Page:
Author: Martha Giannakaki, EAL Specialist
Created: Tue 4th Jul 2023

Our EAL learners are by no means a homogeneous group of learners and their needs in our classroom will vary to a considerable extent. As teachers may find it challenging at times to successfully cater to different EAL needs in class, developing a deeper understanding of those needs can help us address them more effectively through a number of tips and strategies. 

An EAL teacher holding up letter cards to a learner
Author: Iva Miteva, EAL Specialist
Created: Wed 31st May 2023

What is the role of an EAL teacher?

An EAL teacher is a professional specialising in working with learners for whom English is an additional language, such as refugees, asylum seekers or children of migrant families.

Parents and child
Author: Yzanne Mackay
Created: Mon 14th Oct 2019

"Parental involvement is invaluable for any new arrival in transition. The learner’s family may be the only group of people who truly understand their transition. The parents may have very little understanding of what happens in an English-speaking school or the approach you have to education. Parental involvement will help you to understand more about the child’s life as well as build a valuable rapport and level of trust between all parties.”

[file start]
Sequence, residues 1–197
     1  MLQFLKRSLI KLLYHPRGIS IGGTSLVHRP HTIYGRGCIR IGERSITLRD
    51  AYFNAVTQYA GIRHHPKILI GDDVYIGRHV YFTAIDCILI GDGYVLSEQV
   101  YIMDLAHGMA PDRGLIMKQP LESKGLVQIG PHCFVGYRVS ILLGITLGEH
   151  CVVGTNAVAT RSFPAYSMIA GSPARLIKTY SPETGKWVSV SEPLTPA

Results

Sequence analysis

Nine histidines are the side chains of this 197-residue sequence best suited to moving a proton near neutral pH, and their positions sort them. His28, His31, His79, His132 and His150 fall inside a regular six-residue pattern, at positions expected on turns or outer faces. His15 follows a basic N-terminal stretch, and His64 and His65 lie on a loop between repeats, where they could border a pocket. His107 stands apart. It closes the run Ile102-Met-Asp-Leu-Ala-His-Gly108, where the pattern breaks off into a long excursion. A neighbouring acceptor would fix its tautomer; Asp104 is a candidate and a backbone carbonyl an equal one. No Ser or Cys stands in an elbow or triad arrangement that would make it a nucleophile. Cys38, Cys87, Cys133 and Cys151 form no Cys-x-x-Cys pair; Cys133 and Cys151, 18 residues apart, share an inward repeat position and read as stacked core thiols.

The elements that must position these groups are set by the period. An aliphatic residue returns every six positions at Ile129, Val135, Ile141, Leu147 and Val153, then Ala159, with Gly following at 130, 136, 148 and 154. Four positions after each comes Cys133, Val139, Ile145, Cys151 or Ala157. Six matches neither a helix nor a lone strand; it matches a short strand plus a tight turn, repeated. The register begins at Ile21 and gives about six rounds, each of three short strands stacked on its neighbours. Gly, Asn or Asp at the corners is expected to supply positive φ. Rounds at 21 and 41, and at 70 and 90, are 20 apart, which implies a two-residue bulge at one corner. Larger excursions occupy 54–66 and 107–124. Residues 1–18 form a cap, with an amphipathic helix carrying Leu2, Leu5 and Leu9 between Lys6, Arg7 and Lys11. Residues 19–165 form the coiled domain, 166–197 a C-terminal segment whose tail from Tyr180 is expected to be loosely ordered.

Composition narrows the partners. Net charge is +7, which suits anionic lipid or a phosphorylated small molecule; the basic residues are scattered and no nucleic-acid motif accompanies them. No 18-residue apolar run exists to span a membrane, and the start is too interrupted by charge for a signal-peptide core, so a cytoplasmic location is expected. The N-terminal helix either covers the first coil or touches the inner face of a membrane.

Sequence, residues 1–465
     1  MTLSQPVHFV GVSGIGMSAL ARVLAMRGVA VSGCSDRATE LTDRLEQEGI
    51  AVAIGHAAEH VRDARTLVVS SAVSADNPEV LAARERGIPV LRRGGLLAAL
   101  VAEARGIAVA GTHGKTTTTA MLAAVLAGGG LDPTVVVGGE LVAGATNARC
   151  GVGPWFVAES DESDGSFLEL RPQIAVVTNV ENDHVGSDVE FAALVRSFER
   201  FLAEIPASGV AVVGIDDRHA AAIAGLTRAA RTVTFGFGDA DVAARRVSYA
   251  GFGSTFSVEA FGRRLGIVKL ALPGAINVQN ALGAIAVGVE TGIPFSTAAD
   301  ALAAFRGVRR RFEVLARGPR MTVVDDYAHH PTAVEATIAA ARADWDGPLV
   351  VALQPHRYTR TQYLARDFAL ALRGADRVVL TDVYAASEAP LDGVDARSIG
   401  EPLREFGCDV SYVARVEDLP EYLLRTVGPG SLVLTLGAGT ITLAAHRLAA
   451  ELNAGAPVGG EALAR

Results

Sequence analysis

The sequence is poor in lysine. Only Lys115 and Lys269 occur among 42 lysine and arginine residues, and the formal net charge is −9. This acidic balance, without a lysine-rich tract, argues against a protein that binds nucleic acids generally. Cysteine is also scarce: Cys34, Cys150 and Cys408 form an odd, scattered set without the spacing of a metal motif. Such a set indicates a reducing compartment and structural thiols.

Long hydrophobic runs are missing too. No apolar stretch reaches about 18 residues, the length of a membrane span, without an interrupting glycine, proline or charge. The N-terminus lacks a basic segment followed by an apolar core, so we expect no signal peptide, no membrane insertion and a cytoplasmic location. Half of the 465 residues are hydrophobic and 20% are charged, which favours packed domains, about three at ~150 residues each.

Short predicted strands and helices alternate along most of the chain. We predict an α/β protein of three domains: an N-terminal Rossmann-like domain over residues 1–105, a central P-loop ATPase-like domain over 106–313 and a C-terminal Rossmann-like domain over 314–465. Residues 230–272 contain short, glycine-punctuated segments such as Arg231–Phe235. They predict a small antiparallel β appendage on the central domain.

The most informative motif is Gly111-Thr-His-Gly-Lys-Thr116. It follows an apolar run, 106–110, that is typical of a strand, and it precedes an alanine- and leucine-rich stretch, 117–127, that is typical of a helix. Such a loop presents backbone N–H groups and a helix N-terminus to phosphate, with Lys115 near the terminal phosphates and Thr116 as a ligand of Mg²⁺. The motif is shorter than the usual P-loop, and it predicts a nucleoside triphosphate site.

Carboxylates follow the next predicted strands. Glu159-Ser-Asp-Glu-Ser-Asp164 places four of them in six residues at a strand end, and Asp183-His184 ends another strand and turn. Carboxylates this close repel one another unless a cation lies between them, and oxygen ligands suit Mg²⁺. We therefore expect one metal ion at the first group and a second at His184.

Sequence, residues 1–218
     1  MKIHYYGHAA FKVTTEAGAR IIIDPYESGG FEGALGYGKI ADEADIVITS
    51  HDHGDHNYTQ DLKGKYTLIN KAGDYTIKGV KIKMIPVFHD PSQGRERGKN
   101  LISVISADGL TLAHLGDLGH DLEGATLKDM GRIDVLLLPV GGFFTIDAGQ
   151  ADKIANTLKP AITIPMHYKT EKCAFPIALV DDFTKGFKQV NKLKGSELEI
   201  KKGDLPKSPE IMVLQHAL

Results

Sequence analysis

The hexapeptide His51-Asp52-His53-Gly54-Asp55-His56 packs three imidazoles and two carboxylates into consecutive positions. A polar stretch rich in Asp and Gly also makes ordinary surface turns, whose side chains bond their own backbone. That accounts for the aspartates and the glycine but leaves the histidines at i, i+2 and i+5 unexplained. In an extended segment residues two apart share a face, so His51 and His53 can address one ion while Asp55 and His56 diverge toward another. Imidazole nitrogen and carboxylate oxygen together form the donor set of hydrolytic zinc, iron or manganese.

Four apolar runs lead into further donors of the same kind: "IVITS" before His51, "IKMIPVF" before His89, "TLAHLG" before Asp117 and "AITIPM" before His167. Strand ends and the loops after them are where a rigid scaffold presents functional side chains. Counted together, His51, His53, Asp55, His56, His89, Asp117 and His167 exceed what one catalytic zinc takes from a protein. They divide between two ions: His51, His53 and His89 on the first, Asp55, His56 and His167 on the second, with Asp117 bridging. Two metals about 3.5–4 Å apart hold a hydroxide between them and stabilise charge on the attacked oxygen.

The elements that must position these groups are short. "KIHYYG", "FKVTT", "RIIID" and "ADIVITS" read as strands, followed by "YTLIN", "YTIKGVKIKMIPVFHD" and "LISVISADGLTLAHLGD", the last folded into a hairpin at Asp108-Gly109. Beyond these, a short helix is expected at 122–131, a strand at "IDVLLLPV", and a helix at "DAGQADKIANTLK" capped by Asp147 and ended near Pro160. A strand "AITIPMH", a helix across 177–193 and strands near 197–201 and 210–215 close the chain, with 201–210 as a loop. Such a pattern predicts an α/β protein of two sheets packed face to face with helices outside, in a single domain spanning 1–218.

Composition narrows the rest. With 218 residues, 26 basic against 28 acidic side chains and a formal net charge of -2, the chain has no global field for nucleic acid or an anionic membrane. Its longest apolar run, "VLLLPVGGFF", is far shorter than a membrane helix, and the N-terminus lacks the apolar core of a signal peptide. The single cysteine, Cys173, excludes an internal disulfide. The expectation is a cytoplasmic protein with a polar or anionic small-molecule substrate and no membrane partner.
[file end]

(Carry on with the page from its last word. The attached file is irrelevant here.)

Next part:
(Scott, 2012)

Collaborative learning activity template
Author: Stuart Scott
Created: Mon 25th Mar 2019

This ‘Introduce Me’ activity is a fun and rewarding way to introduce a new topic, while developing language skills.

It’s ideally suited to learners of English, allowing them to hear knowledge  presented in different ways, by more than one source, in a non-threatening environment. There’s plenty of opportunity for repetition and rephrasing. This is an adaptable activity to suit any topic where you need to introduce content. This particular example is based on trading goods (see References), but a blank template is provided for you to create your own resource.

Learners in the classroom
Author: Sarah Jones, EAL coordinator, Lea Forest Academy
Created: Sat 19th May 2018

Studies have found that learning a skill yourself, and then applying it, not only brings immense personal satisfaction (among other valuable benefits), but also leads to greater achievement. It’s an important part of an enquiry-based curriculum.

Personal satisfaction can be achieved through learning that is personalised and by promoting a growth mindset. Carol Dweck, professor of psychology at Stanford University, explains simply how achievement and success can be perceived:

Forest road
Author: Gemma Fanning, EAL specialist
Created: Tue 6th Mar 2018